If you like beer and you like biking, you might be wondering whether you can call in for a few cold ones after a cycle without getting yourself into legal trouble.
Does it count as driving under the influence if you’re steering handlebars?
Before we begin, we’d like to point out something obvious. It’s never a good idea to control any method of transportation when you’re not totally sober, whether you think you’ll be fine or not.
It won’t just be you who pays the price if that’s not the case.
Regardless of where you’re living, we would always advise against heading out on your bike if you’ve had a drink, even just one.
It’s better to be safe than sorry, and you could live with the regret of doing so for the rest of your life.
Under The Influence - What Does It Mean?
Cyclists are supposed to be sober, as, just like driving, the act requires concentration, quick reflexes and a fast reaction time. Drugs and alcohol slow us down, changing our perception of time, speed and sound. Not a good mix with bikes!
Otherwise known as ‘driving while intoxicated’ (DWI) or ‘operating while intoxicated’ (OWI) respectively, if you’re out on the road (or the footpath, depending on how influenced you are) and drunk or high, then you’re headed to a DUI.
Whilst of course each state’s driving laws are different, their definition of a DUI is the same. Anyone driving in public found to have a blood alcohol level of .08% or above, or proven impaired by alcohol or drugs, is considered under the influence.
However, things become a little unclear after this, as some state laws only apply to motor vehicles, where others apply to anything that is able to move or transport someone. A few states do explicitly prohibit cycling under the influence, though.
Where the definition does not strictly apply to a motorized form of transportation, a bike usually counts. In these circumstances, the rider will be slapped with the same fine they’d receive if they were drunk-driving a car - as in California, for example.
Regardless, if you’re acting as though you’re under the influence of anything, officers are entitled and encouraged to stop and detain you, should they suspect you might be endangering yourself or another person.
Even if you aren’t then issued with a DUI, you could still be charged with public intoxication, or if your behavior is especially reckless, an endangerment offence. You can access an individual state’s website to find out its specific legislation here.
Punishments and Penalties
When you are caught and detained by the police for a suspected DUI, in most states you’ll receive the same punishment whether you’re driving or cycling. Even though the former is arguably more dangerous, the courts don’t see it that way.
Typical penalties include paying a fine, driver’s license suspension (if you have one), community service, evaluation or treatment for substance abuse and could even lead an Ignition Interlock Device*. Worst case scenario, you’re headed to jail!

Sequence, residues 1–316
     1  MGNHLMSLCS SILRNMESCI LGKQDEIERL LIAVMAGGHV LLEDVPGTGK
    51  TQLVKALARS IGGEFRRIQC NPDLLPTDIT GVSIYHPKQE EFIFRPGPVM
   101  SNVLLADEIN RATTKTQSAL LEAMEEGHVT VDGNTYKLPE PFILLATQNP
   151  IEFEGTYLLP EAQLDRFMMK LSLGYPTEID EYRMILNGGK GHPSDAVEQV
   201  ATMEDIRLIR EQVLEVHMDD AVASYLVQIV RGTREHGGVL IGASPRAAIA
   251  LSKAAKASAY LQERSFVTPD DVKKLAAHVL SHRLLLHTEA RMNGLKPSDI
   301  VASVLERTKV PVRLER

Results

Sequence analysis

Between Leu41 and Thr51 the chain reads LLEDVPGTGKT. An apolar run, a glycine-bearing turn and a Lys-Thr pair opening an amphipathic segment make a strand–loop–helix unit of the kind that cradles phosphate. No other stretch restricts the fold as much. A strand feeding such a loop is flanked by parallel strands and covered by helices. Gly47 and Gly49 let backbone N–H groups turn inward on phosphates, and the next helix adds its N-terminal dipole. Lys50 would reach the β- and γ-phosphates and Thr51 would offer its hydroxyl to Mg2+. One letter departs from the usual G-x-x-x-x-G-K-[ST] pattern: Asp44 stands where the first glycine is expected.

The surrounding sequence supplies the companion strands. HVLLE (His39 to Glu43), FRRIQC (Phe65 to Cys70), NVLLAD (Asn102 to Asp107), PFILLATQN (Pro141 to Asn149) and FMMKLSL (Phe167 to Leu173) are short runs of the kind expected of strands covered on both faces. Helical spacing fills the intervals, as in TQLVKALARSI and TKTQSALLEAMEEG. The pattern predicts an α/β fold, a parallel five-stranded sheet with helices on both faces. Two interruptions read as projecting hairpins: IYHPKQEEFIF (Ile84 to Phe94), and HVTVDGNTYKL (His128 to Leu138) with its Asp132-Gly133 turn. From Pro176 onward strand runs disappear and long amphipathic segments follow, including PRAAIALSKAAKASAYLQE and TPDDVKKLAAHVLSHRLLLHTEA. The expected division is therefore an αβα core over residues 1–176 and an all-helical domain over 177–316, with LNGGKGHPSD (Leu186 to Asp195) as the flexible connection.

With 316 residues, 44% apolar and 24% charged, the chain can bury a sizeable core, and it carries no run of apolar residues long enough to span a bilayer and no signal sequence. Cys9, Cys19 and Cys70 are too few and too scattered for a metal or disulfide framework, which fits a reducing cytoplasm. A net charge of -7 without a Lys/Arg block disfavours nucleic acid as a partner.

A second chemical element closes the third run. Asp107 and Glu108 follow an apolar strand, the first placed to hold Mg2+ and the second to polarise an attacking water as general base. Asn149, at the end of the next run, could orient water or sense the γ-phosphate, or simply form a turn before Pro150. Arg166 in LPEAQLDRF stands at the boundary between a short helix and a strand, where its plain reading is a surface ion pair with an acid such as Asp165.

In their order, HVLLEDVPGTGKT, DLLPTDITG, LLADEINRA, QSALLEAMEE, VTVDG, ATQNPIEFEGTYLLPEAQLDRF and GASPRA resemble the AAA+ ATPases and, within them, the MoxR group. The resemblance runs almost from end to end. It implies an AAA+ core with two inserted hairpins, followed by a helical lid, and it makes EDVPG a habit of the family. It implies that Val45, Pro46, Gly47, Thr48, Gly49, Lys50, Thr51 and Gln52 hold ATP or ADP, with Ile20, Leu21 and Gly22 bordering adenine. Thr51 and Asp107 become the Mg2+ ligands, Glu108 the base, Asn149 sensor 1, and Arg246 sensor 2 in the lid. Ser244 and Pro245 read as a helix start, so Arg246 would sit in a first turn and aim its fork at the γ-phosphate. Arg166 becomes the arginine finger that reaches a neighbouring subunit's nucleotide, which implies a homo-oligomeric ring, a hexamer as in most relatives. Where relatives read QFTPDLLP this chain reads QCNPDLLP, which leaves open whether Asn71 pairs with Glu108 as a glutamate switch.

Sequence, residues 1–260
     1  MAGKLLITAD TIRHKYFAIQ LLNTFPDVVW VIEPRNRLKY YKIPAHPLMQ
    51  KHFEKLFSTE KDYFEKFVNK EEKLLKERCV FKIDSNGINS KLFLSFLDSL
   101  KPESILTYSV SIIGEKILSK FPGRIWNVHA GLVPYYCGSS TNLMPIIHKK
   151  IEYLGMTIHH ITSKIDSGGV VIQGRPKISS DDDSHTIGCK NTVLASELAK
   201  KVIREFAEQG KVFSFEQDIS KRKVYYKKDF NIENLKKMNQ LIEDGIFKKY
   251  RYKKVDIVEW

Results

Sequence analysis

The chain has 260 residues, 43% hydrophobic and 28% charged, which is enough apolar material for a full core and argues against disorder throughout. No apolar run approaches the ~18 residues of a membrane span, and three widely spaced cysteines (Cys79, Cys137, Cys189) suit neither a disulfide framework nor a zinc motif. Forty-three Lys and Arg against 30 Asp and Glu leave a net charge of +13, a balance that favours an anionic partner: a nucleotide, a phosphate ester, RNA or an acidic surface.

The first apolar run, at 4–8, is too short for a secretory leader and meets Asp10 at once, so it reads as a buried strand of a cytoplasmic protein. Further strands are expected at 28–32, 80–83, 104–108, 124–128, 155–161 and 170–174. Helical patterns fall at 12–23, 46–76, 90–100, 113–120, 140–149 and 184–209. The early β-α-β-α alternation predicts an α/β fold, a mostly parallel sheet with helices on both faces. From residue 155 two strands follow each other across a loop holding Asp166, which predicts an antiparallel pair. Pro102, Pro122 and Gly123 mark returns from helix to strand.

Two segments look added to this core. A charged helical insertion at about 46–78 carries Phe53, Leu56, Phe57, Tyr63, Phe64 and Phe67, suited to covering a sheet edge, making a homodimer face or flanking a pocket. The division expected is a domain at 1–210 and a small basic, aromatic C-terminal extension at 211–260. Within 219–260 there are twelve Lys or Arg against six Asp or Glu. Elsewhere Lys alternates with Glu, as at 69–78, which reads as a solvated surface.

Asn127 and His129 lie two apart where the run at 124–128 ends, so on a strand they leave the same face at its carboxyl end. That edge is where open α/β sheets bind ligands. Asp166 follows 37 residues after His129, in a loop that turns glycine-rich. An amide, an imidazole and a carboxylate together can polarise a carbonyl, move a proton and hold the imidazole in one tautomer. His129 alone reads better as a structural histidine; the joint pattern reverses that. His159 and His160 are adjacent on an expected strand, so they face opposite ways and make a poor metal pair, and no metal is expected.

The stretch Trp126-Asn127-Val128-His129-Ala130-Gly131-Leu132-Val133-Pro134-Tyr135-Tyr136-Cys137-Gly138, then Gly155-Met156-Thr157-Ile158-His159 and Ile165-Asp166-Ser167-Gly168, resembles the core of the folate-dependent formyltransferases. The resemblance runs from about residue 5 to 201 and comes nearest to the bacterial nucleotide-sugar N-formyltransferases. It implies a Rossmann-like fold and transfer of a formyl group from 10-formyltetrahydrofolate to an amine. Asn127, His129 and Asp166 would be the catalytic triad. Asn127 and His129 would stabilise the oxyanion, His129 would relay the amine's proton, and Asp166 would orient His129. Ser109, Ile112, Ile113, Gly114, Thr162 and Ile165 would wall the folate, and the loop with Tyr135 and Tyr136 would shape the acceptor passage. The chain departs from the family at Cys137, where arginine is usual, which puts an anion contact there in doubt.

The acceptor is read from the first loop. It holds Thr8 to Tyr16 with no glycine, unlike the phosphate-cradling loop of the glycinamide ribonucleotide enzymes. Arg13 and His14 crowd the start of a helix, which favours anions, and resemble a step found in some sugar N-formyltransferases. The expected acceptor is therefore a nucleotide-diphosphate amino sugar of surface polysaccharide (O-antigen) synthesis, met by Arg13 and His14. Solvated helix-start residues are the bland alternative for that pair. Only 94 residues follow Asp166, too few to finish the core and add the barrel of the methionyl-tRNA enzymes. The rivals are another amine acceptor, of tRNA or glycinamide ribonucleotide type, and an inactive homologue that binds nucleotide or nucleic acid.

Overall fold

Your first DUI conviction (and hopefully your last!) is considered a misdemeanor in most states. If your number of prior DUI convictions surpasses a certain number, or you caused harm to others by injury or death, then it could become a felony.
In the states that have more specific DUIs regarding infractions committed on bicycles, you could be looking at a lesser punishment. Where rules are tailored toward cyclists, it’s possible the police will impound your bike. Not worth it!
Where this is the case though, if you’re convicted of a bike DUI, this will usually count as a prior offence should you be found guilty again in the future. Basically, it doesn’t matter if you were cycling or driving when you’re caught a second time.
*An IID is essentially a breathalyzer test that is hooked up to your car’s ignition system. Your car is rendered incapable of starting until someone breathes into the tube and is proven to be stone cold sober, AKA has no alcohol on their breath.
Should The Laws Change?
As we briefly touched on, it might be the opinion of some that the legislation regarding DUIs should be totally different for cars and bikes. It could be said that one can do less damage with a bike than driving a huge, petrol powered vehicle, yes.
You could also argue that whilst a bike is going to be somewhat less harmful to other people, it’s far more likely for a cyclist to end up in an accident or killed than the driver or passengers of a vehicle. Riders are more of a danger to themselves!
That being said, those who choose to ride bikes are sharing the same roadways as car drivers, essentially committing the same act. If you’re considered intoxicated by the law, you’ll be held accountable to the same standards no matter what.
The response you’ll get to riding after a drink (or consuming any substance that impairs your ability to focus on the world around you) will differ from place to place. If you weren’t actively causing harm, you may walk away with just a stern talking to.
Perhaps the laws should be changed to more explicitly cover bikes, scooters and other manually operated vehicles, in order to make things clearer and ensure the same punishments are offered everywhere.
You could argue back and forth forever about whether driving under the influence and cycling under the influence are equally heinous acts or not. Maybe bikers are less capable of injuring others (as severely), and should receive a lesser offence.
Unfortunately, though, it’s unlikely that all 50 states (52 if you count Hawaii and Alaska!) are ever going to come together and agree on everything when it comes to legislation. Odds are the rules are always going to be different wherever you go.
Whatever you think, remember our advice from the start. A moment’s convenience for you could ruin your life - just walk, get a cab, even push your bike home if you have to. Be safe and street smart, always!